+44 (0)7444 559510
Under Offer

Glen Coul


Northern Scotland, Scotland


443.38 Hectares / 1095.59 Acres




Offers invited


Under Offer

  • Wild land for sale in the Assynt area of the north-west Highlands.
  • Stunning rugged coastline, freshwater lochs and open hill ground.
  • Native woodland regeneration and peatland management potential.
  • Sporting rights with red deer stalking and brown trout fishing.


Glen Coul is situated in the north-west Highlands of Scotland surrounded by spectacular scenery with approximately 1.45 miles of its own rugged coastline overlooking Loch Glencoul and a sheltered bay with access by boat to some of the best sailing on the west coast.  Unapool and Kylesku are just to the north of the property via the A894 and the coastal village of Lochinver is only 14 miles to the west along part of the NC500, providing hotel accommodation, local shops and facilities.

Please refer to the location and sale plans to locate Glen Coul and if using what3words: scan.ticket.dabbling can be used to reach the property, adjacent to the A849 public road.


The property extends over 443.38 hectares (1,095.59 acres) or thereby of rugged hill ground rising from the sheltered shoreline of Loch Glencoul up to the highest hilltop (Cnoc na Creige) at 593 metres above sea level. The land includes two freshwater lochs providing some exciting brown trout fishing and the largest of the lochs, Loch nam Gainmhich, has an impressive waterfall within a short distance of the public road.

The land is rich in biodiversity with a high natural capital value that includes areas of native woodland, peatland, freshwater lochs, and streams down to the tidal foreshore. There is an abundance of native wildlife and ancient woodland indicator species that highlight the opportunity to increase the natural capital value and amenity of the land. This includes potential to encourage natural regeneration of the seedlings that are present around the ancient native woodland remnants scattered around the Liath Bhad corrie and along the northern slopes.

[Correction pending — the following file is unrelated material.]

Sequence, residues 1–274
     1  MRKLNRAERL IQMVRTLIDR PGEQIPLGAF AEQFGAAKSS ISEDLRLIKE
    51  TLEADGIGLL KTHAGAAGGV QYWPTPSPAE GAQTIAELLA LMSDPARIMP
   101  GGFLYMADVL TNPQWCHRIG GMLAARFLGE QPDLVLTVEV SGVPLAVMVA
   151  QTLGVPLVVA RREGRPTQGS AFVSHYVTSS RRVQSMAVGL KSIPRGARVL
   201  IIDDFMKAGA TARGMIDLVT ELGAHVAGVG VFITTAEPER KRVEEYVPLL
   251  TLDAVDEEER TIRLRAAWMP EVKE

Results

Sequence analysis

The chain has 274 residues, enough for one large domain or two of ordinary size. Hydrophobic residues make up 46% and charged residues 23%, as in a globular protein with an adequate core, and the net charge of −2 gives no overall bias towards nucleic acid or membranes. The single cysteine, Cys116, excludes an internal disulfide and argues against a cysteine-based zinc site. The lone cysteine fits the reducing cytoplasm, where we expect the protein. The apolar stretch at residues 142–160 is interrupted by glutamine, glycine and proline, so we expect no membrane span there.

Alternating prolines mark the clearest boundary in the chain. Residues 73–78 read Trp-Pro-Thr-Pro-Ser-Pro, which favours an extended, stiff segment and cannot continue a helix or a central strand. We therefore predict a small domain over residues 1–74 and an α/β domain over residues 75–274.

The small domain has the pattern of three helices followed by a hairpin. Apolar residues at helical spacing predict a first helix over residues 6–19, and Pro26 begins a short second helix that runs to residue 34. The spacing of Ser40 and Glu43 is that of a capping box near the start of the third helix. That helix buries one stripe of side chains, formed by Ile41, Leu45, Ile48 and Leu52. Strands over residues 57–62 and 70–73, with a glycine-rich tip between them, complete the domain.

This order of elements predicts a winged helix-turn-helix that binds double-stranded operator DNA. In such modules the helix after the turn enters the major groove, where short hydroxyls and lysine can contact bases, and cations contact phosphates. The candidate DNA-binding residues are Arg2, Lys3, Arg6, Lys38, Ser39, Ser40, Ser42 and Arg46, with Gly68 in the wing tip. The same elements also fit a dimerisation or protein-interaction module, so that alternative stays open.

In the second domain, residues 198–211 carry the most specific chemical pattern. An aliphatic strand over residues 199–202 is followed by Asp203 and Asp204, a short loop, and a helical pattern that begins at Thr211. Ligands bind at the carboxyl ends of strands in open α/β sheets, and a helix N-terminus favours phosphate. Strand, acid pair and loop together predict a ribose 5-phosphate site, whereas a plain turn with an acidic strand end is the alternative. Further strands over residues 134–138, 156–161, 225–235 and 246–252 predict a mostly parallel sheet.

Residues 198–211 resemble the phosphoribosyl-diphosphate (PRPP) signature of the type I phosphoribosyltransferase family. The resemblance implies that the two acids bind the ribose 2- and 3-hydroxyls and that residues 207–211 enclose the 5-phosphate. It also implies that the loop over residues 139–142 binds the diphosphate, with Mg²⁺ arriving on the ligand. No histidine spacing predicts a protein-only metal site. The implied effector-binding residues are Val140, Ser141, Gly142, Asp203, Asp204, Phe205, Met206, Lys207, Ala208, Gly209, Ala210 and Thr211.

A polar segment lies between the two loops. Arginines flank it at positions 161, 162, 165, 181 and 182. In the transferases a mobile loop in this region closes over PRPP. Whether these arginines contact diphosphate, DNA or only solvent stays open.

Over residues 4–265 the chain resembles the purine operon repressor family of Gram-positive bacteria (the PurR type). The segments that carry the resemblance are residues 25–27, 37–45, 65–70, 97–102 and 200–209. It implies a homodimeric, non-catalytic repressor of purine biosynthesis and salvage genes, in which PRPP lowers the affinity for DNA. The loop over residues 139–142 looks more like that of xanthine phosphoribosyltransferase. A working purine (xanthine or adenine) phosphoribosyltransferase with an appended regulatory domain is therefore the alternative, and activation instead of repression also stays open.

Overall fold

It is estimated that the land has the potential for around 50 hectares of new native woodland to be created by a combination of natural regeneration and planting of native species as well as the potential for some peatland restoration. This woodland expansion may hold the potential to sequester over 10,000 tonnes of atmospheric carbon and may secure some funding from existing government grant schemes. This also presents the possibility of generating income from the sale of carbon credits under the UK Woodland Carbon Code or to use these units to reduce your carbon footprint.

The coastline extends along approximately 1.45 miles of the southern shore of Loch Glencoul and includes a sheltered bay and the island of Eilean an Tuim (as detailed on the sale plan), offering the opportunity to access both by boat from the harbour and jetty at Kylesku. There has been agricultural activity in the past with traces of “lazy beds” (small fields) to be found near the bay, where the soil has been improved and stone dykes and cairns are still visible.

Glen Coul adjoins Quinag Estate to the west, managed as wild land to conserve the area’s unique ecology and its impressive geology. On Glen Coul the management approach has been low-key, while recognising that there are increasing opportunities to enhance the natural capital of the property.

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